5. While there is a fear that Syrian refugees will overwhelm Europe and certainly there are many Syrians who hope to arrive in Germany, only about 10% of the Syrians displaced by the war are making the risking trip to Europe. See http://qz.com/567469/germany-is-taking-in-more-refugees-in-2015-than-the-us-has-in-the-past-10-years/ and https://www.mercycorps.org/articles/iraq-jordan-lebanon-syria-turkey/quick-facts-what-you-need-know-about-syria-crisis as well as Riley M. Townsend (2015). The European Migrant Crisis. Lulu Press for details on the numbers of migrants and refugees moving through Europe as well as the reactions of the leadership of many key countries in the region.
6. For a discussion of where Syrian refugees are, see “where have 4.8 million Syrian refugees gone?” in The Conversation at https://theconversation.com/where-have-4-8-million-syrian-refugees-gone-57968
7. The World Bank notes that about 20% of the refugees are not only under 18 years of age but no more than 4 years of age, see: http://www.worldbank.org/en/news/feature/2015/12/16/welfare-syrian-refugees-evidence-from-jordan-lebanon
8. https://www.mercycorps.org/articles/iraq-jordan-lebanon-syria-turkey/quick-facts-what-you-need-know-about-syria-crisis and http://www.irinnews.org/report/96053/lebanon-syria-no-school-today-why-syrian-refugee-children-miss-out-education
9. For a good overview of the challenges facing educational programing in Syria and among Syrian refugees as well as some potential reforms, see Joseph O’Rourke (2014/2015) “Education for Syrian Refugees: The Failure of Second-Generation Human Rights During Extraordinary Crises.” Albany Law Review, volume 78.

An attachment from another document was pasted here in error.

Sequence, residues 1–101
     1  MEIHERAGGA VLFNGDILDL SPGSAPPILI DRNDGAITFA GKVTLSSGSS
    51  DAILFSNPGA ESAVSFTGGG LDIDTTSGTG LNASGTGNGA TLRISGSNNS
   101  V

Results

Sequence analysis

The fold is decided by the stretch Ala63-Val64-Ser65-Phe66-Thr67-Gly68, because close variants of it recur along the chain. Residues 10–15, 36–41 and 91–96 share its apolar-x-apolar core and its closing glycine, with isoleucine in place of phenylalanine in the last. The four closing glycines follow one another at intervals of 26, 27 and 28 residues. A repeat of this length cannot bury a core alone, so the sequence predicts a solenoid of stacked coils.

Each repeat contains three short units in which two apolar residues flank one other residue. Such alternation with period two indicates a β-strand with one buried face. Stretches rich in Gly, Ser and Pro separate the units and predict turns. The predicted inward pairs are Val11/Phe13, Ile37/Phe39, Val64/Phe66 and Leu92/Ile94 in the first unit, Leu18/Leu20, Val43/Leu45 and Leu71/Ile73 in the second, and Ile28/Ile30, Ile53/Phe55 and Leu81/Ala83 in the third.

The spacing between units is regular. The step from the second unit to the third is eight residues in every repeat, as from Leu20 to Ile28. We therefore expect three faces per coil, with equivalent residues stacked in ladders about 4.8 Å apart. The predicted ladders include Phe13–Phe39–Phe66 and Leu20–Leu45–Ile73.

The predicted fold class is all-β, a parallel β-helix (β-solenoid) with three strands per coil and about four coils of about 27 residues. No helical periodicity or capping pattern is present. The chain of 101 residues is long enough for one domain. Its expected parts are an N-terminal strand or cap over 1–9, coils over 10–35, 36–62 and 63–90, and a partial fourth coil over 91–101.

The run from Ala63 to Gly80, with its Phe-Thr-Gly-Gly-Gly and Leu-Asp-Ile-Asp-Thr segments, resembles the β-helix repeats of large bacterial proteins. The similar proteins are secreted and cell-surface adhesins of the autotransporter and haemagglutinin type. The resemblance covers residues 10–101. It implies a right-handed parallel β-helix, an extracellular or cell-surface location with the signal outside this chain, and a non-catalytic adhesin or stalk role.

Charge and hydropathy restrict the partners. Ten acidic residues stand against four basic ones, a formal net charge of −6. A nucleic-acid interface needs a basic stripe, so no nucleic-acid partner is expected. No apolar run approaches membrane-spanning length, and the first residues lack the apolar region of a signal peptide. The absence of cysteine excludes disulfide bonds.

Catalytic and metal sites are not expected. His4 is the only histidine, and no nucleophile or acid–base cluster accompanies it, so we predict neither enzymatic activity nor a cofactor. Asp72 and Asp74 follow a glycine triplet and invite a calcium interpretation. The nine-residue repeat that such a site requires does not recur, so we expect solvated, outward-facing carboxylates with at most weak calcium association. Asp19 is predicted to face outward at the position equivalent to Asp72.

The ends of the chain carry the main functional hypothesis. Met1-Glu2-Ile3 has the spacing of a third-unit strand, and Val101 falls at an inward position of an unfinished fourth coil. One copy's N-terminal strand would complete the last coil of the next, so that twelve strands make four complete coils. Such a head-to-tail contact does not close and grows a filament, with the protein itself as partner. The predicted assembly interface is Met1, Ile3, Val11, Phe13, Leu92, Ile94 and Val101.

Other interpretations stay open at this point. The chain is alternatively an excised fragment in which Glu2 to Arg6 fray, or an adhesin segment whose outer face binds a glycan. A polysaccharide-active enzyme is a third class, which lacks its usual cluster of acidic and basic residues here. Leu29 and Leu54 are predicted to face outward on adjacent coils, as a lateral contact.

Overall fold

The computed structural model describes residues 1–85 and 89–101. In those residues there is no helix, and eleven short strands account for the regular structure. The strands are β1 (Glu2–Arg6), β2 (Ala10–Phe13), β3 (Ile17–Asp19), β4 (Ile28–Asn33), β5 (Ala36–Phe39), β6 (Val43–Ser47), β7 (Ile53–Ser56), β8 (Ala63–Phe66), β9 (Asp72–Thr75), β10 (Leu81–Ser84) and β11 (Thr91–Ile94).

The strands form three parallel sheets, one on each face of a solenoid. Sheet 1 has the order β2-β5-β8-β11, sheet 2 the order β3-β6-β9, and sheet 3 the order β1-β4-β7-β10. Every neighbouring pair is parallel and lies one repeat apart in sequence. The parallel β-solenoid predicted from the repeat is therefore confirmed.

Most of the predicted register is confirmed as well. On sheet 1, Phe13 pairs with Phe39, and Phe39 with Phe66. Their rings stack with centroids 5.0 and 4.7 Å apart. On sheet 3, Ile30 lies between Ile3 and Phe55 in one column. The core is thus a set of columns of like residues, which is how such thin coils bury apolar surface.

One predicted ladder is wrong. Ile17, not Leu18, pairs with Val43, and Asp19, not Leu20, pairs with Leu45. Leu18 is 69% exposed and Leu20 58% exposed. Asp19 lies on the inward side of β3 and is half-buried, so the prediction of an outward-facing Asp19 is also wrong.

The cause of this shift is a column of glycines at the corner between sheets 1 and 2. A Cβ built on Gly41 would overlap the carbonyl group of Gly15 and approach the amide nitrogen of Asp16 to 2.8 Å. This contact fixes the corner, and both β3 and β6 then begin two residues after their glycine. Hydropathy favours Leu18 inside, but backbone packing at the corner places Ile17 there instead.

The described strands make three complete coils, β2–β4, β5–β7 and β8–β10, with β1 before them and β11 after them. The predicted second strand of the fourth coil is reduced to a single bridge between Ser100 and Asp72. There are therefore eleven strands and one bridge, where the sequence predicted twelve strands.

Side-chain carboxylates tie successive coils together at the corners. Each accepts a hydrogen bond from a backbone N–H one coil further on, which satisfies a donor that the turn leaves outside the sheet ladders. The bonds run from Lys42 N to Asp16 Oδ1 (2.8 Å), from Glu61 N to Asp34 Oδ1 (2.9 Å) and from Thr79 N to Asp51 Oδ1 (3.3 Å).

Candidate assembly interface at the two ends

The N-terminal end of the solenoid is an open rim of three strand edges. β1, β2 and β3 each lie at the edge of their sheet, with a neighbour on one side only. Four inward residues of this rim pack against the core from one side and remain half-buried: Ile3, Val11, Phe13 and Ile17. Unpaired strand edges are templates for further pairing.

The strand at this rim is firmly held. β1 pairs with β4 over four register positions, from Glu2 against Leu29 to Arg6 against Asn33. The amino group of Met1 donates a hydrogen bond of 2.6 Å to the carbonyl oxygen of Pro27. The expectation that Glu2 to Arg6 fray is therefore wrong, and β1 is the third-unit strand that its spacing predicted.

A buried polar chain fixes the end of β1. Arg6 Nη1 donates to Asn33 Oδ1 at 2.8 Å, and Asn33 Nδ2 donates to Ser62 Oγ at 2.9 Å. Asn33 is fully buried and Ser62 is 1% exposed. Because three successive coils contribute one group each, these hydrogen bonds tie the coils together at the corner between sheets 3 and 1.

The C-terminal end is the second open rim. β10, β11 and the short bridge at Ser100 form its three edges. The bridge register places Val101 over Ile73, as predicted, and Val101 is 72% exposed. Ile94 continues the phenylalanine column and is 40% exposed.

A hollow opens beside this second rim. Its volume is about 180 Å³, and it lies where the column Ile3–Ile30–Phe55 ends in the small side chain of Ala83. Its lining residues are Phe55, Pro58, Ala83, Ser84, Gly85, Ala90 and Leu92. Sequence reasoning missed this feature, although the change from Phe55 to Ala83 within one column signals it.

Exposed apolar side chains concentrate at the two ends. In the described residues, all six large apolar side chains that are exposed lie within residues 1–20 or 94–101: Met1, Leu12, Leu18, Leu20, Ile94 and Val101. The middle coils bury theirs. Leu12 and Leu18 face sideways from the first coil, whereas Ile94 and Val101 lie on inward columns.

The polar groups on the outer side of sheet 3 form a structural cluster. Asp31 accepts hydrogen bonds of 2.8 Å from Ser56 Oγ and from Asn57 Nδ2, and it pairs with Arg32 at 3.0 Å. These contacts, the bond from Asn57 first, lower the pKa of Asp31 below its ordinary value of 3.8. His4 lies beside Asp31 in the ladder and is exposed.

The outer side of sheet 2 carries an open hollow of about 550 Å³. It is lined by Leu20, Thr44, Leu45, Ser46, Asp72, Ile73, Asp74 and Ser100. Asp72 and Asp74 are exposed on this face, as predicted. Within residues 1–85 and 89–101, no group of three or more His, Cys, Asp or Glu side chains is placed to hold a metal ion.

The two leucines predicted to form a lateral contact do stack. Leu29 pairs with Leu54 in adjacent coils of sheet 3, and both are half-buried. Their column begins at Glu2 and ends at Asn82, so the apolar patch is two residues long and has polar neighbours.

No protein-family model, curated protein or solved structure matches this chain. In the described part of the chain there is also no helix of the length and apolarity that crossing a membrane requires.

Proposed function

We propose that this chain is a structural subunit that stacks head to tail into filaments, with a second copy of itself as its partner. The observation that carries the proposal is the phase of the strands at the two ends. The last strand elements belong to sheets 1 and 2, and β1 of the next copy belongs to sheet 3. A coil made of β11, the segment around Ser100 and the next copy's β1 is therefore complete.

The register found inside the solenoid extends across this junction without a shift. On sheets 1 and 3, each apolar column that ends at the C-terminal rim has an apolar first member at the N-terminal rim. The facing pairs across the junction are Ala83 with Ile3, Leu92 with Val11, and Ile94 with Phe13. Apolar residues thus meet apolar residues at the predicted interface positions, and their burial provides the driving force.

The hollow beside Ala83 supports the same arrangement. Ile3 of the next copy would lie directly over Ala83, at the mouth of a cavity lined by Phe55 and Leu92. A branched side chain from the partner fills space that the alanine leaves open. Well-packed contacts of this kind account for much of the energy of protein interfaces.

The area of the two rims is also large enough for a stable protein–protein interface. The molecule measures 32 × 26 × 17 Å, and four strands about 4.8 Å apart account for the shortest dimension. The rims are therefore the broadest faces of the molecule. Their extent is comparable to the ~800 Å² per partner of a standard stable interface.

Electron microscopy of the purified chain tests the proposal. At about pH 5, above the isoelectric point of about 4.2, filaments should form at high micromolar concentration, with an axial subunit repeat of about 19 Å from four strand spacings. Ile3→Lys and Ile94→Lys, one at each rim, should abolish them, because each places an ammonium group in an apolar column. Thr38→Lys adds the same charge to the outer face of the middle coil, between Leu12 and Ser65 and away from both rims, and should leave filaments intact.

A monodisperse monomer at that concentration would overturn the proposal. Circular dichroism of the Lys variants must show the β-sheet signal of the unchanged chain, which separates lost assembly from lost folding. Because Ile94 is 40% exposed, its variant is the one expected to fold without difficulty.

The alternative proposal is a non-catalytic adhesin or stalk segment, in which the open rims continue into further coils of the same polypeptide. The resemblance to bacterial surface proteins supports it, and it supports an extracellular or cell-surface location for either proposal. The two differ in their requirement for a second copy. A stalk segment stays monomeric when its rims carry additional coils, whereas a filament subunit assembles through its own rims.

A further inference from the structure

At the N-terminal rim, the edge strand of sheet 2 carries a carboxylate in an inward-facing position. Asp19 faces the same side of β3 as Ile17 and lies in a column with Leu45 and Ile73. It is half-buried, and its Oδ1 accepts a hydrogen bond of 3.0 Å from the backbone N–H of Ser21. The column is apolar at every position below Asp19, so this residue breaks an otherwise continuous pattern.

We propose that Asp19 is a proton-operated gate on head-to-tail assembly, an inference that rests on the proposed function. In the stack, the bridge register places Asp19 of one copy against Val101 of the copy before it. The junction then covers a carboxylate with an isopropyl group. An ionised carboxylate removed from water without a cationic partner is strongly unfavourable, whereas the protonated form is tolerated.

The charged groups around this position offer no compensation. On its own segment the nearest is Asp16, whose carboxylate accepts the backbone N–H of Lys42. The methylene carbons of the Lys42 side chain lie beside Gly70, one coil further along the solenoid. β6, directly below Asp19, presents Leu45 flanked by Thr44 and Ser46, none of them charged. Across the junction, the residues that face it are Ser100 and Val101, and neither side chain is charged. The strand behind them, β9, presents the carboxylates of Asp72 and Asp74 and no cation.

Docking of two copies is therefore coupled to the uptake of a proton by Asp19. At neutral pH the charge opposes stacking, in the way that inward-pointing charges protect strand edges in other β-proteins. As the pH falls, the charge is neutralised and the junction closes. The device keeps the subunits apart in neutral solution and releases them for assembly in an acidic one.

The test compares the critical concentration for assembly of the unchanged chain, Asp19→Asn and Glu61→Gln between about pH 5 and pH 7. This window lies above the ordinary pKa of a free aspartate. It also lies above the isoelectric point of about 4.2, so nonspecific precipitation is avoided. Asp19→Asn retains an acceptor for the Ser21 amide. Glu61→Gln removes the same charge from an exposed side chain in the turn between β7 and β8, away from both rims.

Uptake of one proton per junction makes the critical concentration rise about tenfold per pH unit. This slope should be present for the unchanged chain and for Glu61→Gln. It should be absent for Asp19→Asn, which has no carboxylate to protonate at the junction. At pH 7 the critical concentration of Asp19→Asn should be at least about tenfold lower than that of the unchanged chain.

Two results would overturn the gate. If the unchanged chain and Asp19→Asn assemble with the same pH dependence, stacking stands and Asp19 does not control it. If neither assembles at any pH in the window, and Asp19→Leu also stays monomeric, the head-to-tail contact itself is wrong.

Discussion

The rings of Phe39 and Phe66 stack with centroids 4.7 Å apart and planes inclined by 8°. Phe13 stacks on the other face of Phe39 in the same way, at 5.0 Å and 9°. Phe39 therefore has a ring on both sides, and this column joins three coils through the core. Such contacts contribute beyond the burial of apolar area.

10. See Ebru Caglayan (2016). “Education Inequalities and Human Capital Formation in MENA Region” in Comparative Political and Economic Perspectives on the MENA Region. M. Mustafa Erdoğdu and Bryan Christiansen, editors. Hershey, PA: IGI Global.
12. Selcuk R. Sirin and Lauren Rogers-Sirin (2015). The Educational and Mental Health Needs of Syrian Refugee Children. Washington, DC: Migration Policy Institute.
14. See the summary at http://www.fmreview.org/syria/james-sovcik-garoff-abbasi.html#_edn1
15. And the full report by the International Medical Corps, World Health Organization, Jordan Ministry of Health and EMPHNET (July 2013) Assessment of Mental Health and Psychosocial Needs of Displaced Syrians in Jordan http://tinyurl.com/MHPSS-syrians-in-jordan-2013
24. To access the full report visit: http://www.syrialearning.org/resource/20517
About the Author
Jeffrey H. Cohen is a professor of anthropology at the Ohio State University. His research on migration, remittances and economic development is supported by the National Science Foundation, Russell Sage, National Geographic, the Fulbright program and TUBITAK, the Scientific and Technological Research Council of Turkey. His books include Cultures of Migration: the Global Nature of Contemporary Mobility named an Outstanding Academic Title by Choice Reviews and most recently Eating Soup without a Spoon: Anthropological Theory and Method in the Real World. He is co-editor of Global Remittance Practices and Migration during the Economic Crisis and Beyond published by the World Bank.